Chicago’s tax rates on homes undercut the suburbs, report says

Lower effective rates apply in areas with a richer tax base, Civic Federation report shows.

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View on Chicago’s downtown northbound from the 16th floor of the IIT Tower

Effective property tax rates for homes in Chicago continue to be among the lowest for communities in northeast Illinois, the Civic Federation reports.

Victor Hilitski/For the Sun-Times

Effective property tax rates for homes in Chicago, calculated as a percentage of their market value, continue to be among the lowest for communities in northeast Illinois, according to a report issued Monday by the nonpartisan Civic Federation.

The group said among 12 selected Cook County communities, Chicago in 2017 had the lowest average effective tax rate for homes at 1.74%. Its report found that Harvey had the highest rate, 7.08%.

On its face, the finding could be seen as cover for Mayor Lori Lightfoot as she considers a property tax increase to help her wrestle with a projected $838 million budget deficit for next year. But that’s unlikely to mean much to Chicago homeowners who have seen steady increases in their tax bills and are bracing for more.

The federation’s report, however, documents a continued pattern that favors Chicago over communities that are largely poor or with a declining tax base. With a large source of commercial and industrial property plus many expensive homes, local governments in Chicago don’t need high tax rates.

Poorer towns must levy taxes on cheaper homes and fewer business properties, resulting in higher rates. The effective tax rate for homes in Chicago Heights was 5.01%, the report found, while two wealthy northern suburbs, Glenview and Barrington, had rates of 1.99% and 2%, respectively. The Glenview and Barrington homes are likely to have tax bills that are more expensive, but the bills that come due in poorer communities can take a bigger bite from incomes.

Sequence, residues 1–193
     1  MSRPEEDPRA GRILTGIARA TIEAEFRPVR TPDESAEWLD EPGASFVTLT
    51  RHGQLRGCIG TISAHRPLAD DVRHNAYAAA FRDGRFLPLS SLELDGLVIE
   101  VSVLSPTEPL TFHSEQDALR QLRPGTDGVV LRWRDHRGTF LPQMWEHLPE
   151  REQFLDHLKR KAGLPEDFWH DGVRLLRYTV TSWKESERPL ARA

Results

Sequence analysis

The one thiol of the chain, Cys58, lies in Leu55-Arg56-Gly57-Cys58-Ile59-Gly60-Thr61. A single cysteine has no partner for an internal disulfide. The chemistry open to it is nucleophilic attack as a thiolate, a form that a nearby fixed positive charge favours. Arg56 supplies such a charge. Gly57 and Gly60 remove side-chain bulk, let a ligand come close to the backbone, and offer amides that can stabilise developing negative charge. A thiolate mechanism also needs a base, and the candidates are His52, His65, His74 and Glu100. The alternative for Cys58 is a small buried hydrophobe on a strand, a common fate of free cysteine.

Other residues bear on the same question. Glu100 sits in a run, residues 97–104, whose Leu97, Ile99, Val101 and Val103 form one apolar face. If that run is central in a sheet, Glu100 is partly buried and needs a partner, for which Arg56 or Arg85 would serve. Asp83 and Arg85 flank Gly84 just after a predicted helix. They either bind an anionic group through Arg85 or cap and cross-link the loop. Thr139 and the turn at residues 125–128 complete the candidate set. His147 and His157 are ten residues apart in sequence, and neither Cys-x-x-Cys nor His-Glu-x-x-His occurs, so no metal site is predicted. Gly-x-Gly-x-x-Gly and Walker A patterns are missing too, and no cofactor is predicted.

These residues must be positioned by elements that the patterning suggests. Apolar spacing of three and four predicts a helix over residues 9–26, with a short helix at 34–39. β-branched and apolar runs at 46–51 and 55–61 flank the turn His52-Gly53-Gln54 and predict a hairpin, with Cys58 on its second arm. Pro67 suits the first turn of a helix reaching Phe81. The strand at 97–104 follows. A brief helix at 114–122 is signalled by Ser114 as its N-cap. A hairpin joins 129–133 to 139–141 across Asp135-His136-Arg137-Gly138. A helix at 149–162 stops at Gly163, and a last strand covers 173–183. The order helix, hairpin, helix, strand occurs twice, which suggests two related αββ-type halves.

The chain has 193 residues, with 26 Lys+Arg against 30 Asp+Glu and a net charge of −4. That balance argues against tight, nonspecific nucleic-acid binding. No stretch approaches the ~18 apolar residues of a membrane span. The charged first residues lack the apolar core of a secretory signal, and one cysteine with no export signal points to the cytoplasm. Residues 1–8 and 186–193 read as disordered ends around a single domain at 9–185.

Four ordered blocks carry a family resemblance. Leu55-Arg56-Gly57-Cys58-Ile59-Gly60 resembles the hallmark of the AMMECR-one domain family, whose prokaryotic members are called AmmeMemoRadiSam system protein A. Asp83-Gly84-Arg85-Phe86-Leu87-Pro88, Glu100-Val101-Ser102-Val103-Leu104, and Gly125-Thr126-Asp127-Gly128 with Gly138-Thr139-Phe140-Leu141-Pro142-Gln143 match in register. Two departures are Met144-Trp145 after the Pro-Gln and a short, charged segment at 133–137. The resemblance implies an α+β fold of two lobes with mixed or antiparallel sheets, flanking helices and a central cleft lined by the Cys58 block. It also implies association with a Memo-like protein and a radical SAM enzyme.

Reviewing the change in rates from 2008 to 2017, Harvey and Chicago Heights had the largest increases of more than 67% percent each, the federation said. It found Chicago’s effective rate for that period rose 32.48% while Oak Park had the smallest increase of the towns surveyed, 8.55%.

The report also analyzed trends for selected municipalities in the collar counties of DuPage, Kane, Lake, Will and McHenry. Among them, Waukegan had the highest 2017 effective property tax rate at 3.73% and Oak Brook had the lowest rate at 1.03%.

The federation looked at valuations of commercial and industrial property across the suburbs and noted a similar pattern, with higher tax rates in those areas with the lowest valuations.

The report uses data from county clerks and from the Illinois Department of Revenue, which each year calculates an equalization factor applied to properties countywide to ensure they are assessed at a third of market value.

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